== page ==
MAE Seminar: Active and Passive Control - from Thought Experiment to Formula One Racing

McDonnell Douglas Engineering Auditorium (MDEA)
Malcolm C. Smith
Professor of Control Engineering
Head of the Control Group in the Department of Engineering
University of Cambridge

Abstract: The talk will explain the origins and applications of a new mechanical device, the inerter, which rapidly became a standard component in Formula One Racing and IndyCars and is now being considered for applications from railway suspensions to buildings. The origins of the idea in a seemingly innocent question in mathematical control theory in the author's research will be described. The broader context of the idea - namely the close link between control and network synthesis and the re-opening of research in classical circuits will be described in a tutorial manner. The talk will conclude with an account of the manner in which the inerter entered the popular press by reason of a Formula One spy scandal.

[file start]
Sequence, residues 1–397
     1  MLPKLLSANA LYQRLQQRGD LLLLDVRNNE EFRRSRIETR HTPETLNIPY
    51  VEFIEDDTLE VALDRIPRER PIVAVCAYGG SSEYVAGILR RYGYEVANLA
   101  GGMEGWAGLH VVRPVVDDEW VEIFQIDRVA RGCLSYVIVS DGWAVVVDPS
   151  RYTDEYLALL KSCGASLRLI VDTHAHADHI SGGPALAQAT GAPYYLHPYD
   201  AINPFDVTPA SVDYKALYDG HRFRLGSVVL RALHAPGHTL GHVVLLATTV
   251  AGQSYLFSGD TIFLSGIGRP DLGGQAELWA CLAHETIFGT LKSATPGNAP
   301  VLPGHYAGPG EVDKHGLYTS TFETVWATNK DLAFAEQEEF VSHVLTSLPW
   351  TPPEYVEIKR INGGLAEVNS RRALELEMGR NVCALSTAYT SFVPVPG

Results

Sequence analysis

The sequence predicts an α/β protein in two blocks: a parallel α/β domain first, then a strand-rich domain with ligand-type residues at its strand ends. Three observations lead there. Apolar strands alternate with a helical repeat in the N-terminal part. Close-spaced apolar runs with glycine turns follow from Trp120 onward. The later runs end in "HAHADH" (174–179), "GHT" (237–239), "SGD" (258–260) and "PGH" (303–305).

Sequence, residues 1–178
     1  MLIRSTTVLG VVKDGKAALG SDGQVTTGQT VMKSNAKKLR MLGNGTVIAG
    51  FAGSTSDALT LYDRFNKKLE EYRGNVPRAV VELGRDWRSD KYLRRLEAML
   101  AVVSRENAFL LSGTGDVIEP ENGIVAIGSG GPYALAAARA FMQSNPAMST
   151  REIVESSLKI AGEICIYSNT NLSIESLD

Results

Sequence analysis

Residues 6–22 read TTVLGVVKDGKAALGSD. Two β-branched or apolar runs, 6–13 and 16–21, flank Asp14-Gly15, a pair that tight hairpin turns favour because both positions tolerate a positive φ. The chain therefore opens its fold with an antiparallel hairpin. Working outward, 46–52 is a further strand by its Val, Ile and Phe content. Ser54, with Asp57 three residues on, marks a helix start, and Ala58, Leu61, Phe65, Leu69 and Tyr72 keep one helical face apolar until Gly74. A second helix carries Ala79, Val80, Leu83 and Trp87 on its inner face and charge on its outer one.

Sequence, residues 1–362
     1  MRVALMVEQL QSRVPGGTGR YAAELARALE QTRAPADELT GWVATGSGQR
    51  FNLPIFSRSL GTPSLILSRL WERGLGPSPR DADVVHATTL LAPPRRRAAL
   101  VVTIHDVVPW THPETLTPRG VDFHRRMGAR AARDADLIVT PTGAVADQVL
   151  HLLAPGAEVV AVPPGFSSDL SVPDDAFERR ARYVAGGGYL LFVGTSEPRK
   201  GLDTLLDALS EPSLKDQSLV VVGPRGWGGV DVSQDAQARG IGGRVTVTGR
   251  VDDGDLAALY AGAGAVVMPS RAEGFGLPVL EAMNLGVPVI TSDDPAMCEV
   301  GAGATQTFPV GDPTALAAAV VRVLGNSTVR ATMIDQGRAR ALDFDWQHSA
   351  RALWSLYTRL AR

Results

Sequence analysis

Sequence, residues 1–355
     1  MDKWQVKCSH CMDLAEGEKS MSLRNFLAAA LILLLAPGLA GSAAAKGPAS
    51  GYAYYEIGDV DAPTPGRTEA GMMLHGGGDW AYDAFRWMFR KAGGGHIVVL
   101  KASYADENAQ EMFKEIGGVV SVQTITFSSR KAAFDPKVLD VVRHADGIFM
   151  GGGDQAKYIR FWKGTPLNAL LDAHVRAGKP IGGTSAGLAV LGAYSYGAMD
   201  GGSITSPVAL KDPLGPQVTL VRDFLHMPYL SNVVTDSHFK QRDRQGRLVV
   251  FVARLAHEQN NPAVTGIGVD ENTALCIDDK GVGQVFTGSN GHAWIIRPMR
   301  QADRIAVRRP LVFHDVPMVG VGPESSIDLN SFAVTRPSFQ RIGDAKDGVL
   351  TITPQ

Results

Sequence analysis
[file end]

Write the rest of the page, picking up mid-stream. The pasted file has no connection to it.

Bio: Malcolm C. Smith is a professor of control engineering and head of the control group in the Department of Engineering at the University of Cambridge. His research interests are in the areas of robust control, nonlinear systems, electrical and mechanical networks and automotive applications. He is well-known for his invention of the inerter mechanical device currently used in Formula One motor racing and elsewhere. He received degrees in mathematics and control engineering from Cambridge University, England. He was subsequently a research fellow at the German Aerospace Centre, Oberpfaffenhofen, a visiting assistant professor and research fellow with the Department of Electrical Engineering at McGill University, Montreal, and an assistant professor with the Department of Electrical Engineering, Ohio State University, Columbus, before returning to Cambridge in 1990 as a lecturer in engineering. Smith is a fellow of the IEEE and the Royal Academy of Engineering. He received the 1992 and 1999 George Axelby Best Paper Awards, in the IEEE Transactions on Automatic Control, both times for joint work with T.T. Georgiou. He received the 2009 Sir Harold Hartley Medal of the Institute of Measurement and Control for outstanding contributions to the technology of measurement and control.